Frustratingly Easy Performance Improvements for Low-resource Setups: A Tale on BERT and Segment Embeddings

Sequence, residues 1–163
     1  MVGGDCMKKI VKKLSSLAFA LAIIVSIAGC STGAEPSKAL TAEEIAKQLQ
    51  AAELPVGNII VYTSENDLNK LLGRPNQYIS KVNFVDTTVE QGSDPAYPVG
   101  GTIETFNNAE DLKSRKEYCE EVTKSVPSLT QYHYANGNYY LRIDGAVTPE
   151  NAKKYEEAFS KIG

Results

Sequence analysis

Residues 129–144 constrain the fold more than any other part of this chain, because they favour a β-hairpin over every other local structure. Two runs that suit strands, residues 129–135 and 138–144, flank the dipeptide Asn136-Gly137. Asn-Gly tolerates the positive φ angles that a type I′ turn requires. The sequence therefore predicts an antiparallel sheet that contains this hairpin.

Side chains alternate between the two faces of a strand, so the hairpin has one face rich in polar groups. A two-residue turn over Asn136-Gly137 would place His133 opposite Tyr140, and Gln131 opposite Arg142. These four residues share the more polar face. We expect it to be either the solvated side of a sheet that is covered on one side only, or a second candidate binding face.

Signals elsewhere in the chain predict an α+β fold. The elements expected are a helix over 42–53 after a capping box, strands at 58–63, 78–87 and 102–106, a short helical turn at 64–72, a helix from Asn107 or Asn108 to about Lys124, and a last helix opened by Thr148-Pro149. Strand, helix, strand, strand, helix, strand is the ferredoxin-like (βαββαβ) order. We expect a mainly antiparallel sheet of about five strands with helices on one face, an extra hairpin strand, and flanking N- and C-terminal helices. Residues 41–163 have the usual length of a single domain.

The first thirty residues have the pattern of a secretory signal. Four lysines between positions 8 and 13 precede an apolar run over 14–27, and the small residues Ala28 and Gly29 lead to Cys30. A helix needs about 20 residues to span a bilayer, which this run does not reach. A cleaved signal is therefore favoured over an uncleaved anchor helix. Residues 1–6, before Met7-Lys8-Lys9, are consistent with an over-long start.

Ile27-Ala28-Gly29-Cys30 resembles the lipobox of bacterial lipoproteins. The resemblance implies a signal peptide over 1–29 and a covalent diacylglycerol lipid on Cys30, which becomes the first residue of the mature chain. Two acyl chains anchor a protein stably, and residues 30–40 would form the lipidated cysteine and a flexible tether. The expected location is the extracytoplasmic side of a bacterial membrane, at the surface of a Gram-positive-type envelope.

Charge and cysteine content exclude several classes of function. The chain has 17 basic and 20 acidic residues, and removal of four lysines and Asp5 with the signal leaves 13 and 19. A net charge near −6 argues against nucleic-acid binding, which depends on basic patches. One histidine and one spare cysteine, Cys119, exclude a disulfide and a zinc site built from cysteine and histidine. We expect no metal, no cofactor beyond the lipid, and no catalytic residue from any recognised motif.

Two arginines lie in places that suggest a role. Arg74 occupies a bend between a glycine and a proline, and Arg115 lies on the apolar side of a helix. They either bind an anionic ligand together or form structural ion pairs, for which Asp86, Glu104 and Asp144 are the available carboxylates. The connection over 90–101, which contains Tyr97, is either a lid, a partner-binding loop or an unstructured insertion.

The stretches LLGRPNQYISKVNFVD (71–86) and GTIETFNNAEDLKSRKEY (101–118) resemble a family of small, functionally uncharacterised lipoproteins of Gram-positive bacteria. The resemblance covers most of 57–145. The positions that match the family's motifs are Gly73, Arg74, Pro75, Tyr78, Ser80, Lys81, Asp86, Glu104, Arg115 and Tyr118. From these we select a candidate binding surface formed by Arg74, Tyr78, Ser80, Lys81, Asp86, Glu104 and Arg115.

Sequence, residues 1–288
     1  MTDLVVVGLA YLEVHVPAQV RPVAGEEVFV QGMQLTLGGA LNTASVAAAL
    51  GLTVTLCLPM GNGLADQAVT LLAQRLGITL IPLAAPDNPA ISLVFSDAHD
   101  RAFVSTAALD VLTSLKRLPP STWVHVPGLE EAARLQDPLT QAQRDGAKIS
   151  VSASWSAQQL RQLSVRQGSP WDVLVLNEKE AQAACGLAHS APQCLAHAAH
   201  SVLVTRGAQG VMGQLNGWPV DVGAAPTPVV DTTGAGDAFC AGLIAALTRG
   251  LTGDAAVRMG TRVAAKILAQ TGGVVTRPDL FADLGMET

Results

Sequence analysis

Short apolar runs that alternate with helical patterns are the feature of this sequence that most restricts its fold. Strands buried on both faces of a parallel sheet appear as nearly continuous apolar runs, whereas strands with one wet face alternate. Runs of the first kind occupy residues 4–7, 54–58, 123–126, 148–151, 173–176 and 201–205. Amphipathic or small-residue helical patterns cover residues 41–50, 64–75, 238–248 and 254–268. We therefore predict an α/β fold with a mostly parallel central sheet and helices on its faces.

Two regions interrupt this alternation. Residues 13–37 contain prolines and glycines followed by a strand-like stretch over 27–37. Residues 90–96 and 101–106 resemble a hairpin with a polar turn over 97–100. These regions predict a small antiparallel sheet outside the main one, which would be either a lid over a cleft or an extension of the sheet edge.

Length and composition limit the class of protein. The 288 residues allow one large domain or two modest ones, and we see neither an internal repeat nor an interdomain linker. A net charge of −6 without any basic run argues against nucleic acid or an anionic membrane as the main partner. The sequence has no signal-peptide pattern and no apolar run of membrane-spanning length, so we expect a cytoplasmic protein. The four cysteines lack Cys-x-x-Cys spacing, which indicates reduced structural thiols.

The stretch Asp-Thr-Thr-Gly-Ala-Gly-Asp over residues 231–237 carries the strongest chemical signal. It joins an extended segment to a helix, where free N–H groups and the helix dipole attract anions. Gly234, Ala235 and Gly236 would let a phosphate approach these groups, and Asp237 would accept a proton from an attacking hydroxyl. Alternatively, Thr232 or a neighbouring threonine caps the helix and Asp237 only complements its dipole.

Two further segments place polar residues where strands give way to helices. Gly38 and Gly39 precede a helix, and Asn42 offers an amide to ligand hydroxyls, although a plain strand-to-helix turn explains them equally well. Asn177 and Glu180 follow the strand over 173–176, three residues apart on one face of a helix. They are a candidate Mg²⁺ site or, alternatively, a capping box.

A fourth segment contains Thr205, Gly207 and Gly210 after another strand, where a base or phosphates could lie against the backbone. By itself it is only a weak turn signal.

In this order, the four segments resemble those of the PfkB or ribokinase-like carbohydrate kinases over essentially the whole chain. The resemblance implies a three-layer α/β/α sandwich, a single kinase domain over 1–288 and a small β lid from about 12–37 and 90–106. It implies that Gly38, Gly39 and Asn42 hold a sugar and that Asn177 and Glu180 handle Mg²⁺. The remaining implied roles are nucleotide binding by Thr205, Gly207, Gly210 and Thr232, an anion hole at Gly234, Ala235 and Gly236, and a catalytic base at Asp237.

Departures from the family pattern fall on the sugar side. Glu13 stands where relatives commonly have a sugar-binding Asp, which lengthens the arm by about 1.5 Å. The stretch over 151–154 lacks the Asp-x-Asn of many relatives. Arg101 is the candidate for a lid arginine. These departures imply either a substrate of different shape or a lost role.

As input representation for each sub-word, the original BERT architecture proposes the sum of the sub-word embedding, position embedding and a segment embedding. Sub-word and position embeddings are well-known and studied, and encode lexical information and word position, respectively. In contrast, segment embeddings are less known and have so far received no attention, despite being ubiquitous in large pre-trained language models. The key idea of segment embeddings is to encode to which of the two sentences (segments) a word belongs to — the intuition is to inform the model about the separation of sentences for the next sentence prediction pre-training task. However, little is known on whether the choice of segment impacts performance. In this work, we try to fill this gap and empirically study the impact of the segment embedding during inference time for a variety of pre-trained embeddings and target tasks. We hypothesize that for single-sentence prediction tasks performance is not affected — neither in mono- nor multilingual setups — while it matters when swapping segment IDs in paired-sentence tasks. To our surprise, this is not the case. Although for classification tasks and monolingual BERT models no large differences are observed, particularly word-level multilingual prediction tasks are heavily impacted. For low-resource syntactic tasks, we observe impacts of segment embedding and multilingual BERT choice. We find that the default setting for the most used multilingual BERT model underperforms heavily, and a simple swap of the segment embeddings yields an average improvement of 2.5 points absolute LAS score for dependency parsing over 9 different treebanks.

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